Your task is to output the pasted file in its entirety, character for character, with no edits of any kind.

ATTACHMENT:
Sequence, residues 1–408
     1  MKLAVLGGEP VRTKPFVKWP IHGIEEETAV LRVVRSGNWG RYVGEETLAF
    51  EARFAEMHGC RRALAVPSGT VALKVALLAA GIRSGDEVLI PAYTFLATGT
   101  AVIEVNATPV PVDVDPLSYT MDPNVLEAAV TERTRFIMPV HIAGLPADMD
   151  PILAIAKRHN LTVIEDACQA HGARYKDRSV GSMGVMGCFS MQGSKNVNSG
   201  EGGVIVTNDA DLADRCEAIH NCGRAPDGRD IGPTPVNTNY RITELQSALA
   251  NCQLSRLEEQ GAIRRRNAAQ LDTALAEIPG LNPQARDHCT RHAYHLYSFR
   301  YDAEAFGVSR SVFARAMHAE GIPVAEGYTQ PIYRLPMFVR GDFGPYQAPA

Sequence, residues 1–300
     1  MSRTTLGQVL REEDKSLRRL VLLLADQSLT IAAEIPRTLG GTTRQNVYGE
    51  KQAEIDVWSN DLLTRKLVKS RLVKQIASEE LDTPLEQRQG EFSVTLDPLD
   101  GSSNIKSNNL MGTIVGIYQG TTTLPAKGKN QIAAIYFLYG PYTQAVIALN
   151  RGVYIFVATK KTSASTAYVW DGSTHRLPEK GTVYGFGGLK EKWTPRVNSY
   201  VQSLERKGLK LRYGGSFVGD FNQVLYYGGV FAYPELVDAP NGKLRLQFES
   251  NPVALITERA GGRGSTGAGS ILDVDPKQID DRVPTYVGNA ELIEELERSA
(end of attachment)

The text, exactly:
Sequence, residues 1–408
     1  MKLAVLGGEP VRTKPFVKWP IHGIEEETAV LRVVRSGNWG RYVGEETLAF
    51  EARFAEMHGC RRALAVPSGT VALKVALLAA GIRSGDEVLI PAYTFLATGT
   101  AVIEVNATPV PVDVDPLSYT MDPNVLEAAV TERTRFIMPV HIAGLPADMD
   151  PILAIAKRHN LTVIEDACQA HGARYKDRSV GSMGVMGCFS MQGSKNVNSG
   201  EGGVIVTNDA DLADRCEAIH NCGRAPDGRD IGPTPVNTNY RITELQSALA
   251  NCQLSRLEEQ GAIRRRNAAQ LDTALAEIPG LNPQARDHCT RHAYHLYSFR
   301  YDAEAFGVSR SVFARAMHAE GIPVAEGYTQ PIYRLPMFVR GDFGPYQAPA

Sequence, residues 1–300
     1  MSRTTLGQVL REEDKSLRRL VLLLADQSLT IAAEIPRTLG GTTRQNVYGE
    51  KQAEIDVWSN DLLTRKLVKS RLVKQIASEE LDTPLEQRQG EFSVTLDPLD
   101  GSSNIKSNNL MGTIVGIYQG TTTLPAKGKN QIAAIYFLYG PYTQAVIALN
   151  RGVYIFVATK KTSASTAYVW DGSTHRLPEK GTVYGFGGLK EKWTPRVNSY
   201  VQSLERKGLK LRYGGSFVGD FNQVLYYGGV FAYPELVDAP NGKLRLQFES
   251  NPVALITERA GGRGSTGAGS ILDVDPKQID DRVPTYVGNA ELIEELERSA